Saturday, January 22, 2011


Fact of the day: Race to Nowhere, the documentary about “the high-stakes, high-pressure culture that has invaded our schools and our children’s lives,” is rated PG-13 -- because of “thematic material involving stress on adolescents.”

One teacher’s reaction: “So my students could live it every day and that’s okay, but they can’t watch it.”


Midwestern Avenger said...

I understand where Race to Nowhere was coming from, but for the vast majority of American students, I can't say it seems very accurate. It seems like they mostly surveyed or asked the MOST-TASKED (probably 10-20% of all American school students, ESPECIALLY in public schools) and hardest-worked ones with the most-demanding parents. I mean, I was a straight-A student with fairly good SAT and ACT scores for college. I probably could've gotten into one of MANY very good universities, although I opted for Mizzou because of its size and opportunities, to say the least.

However, I never felt THAT much pressure, at least not the kind that Race to Nowhere claims. I was just a natural at it, I guess. My parents never forced me into extracurriculars, and I was never big on them, either. I'm a very picky person, and none of the ones in high school enticed me that much (college, fortunately, was a LOT different in that regard). Of course, there were some hard times every now and then, but overall, high school in America, at least in the public school system, is pretty easy compared to what OTHER systems like in East and South Asia have.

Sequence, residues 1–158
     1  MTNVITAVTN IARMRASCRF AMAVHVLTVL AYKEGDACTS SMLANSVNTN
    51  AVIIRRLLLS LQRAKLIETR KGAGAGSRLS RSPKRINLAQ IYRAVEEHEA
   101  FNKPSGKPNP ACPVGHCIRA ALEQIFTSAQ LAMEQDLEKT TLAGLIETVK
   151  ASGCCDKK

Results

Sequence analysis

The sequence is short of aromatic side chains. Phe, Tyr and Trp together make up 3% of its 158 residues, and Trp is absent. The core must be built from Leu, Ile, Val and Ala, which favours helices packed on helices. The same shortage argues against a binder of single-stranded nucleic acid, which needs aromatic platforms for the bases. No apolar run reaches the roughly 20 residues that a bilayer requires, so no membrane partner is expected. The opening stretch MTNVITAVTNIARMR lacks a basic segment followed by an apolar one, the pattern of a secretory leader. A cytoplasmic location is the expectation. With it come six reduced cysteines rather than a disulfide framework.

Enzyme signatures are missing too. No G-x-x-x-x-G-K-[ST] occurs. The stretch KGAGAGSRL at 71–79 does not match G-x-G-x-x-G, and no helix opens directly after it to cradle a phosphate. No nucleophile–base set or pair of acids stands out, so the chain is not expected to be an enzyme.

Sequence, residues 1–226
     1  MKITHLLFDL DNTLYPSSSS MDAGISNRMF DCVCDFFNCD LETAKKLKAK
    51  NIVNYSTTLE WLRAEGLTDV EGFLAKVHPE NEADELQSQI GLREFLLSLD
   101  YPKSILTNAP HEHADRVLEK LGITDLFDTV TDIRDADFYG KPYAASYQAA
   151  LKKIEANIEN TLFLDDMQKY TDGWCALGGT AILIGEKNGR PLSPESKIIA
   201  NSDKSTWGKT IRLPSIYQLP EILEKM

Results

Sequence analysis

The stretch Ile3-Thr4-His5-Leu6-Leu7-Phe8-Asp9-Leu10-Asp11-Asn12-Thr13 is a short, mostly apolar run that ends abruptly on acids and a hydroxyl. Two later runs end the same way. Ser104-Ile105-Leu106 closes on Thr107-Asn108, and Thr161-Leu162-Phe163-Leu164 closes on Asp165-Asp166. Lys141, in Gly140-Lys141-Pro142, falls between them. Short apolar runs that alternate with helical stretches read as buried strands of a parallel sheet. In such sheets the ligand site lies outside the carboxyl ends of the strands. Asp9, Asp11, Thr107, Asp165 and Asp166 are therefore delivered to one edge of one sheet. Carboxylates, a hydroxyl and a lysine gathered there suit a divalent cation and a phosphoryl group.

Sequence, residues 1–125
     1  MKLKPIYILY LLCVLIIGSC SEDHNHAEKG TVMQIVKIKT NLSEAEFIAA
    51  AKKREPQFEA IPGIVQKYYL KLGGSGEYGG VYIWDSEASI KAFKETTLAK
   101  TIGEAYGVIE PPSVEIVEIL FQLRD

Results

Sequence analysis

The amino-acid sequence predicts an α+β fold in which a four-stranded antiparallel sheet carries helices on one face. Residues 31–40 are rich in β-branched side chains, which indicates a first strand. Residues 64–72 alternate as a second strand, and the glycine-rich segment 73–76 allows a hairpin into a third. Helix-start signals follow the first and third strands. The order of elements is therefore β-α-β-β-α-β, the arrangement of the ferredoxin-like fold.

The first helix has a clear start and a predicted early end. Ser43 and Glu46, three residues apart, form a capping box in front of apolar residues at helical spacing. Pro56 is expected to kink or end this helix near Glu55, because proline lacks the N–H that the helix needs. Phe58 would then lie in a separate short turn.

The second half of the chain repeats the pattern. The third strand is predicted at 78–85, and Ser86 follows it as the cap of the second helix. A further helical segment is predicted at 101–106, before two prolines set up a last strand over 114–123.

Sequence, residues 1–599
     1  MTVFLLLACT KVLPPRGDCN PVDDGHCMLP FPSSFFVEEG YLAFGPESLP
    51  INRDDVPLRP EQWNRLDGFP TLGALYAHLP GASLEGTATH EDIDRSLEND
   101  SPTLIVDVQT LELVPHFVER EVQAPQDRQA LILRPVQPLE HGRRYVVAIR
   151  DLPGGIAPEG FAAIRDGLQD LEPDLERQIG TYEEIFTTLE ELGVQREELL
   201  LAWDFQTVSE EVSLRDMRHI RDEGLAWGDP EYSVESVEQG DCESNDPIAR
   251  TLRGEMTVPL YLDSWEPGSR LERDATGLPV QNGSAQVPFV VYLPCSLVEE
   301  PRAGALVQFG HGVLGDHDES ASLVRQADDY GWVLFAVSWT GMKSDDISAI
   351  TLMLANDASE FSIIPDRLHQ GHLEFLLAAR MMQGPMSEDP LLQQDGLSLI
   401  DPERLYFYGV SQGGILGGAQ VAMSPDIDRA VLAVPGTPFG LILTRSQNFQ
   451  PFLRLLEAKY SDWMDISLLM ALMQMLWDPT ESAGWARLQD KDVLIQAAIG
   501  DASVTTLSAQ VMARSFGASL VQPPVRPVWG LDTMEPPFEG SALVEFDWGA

I mean, have you SEEN how competitive Japan is educationally? THEY should be doing that kind of documentary on themselves. Race to Nowhere for American students sounds like whining, if you ask me.

Midwestern Avenger said...

Lol. Whaddya know about that! The person who operates the Youtube channel for the people who made this film actually BLOCKED me from further commenting on their trailer. Wtf? I don't recall using much profanity, if any, in my comments. All I did was point out the flaws in the film and talk about how it seems like a bunch of silly whining and complaining, making much ado about nothing really.

MAYBE they didn't like me criticizing and exposing them? Who knows

Chris said...

Midwestern Avenger -- Thanks for commenting! It's interesting to hear your take on the situation -- it's true that it's hard to know whether the competitiveness described in the movie is being exaggerated, given the anecdotal nature of the evidence. I will say that I haven't sensed that much aggressive pushing of the kids to achieve here in our school system (though I do think the schools have pushed certain subject matter at earlier ages than necessary because of the pressure to raise standardized tests, but I think that's a somewhat different issue). But my oldest in only in fifth grade, so I can't say much about what it's like in junior high or high school here.

I sometimes wonder if there are regional differences in how the pressures of NCLB play out in different school systems. My (very anecdotally based, probably hare-brained) sense is that the high-intensity pressure to achieve is something you hear people complaining about more in, say, East Coast areas than here in the Midwest. On the other hand, I sometimes think that here in the Midwest there is relatively more emphasis on obedience to authority and unthinking compliance with rules. Crazy theory?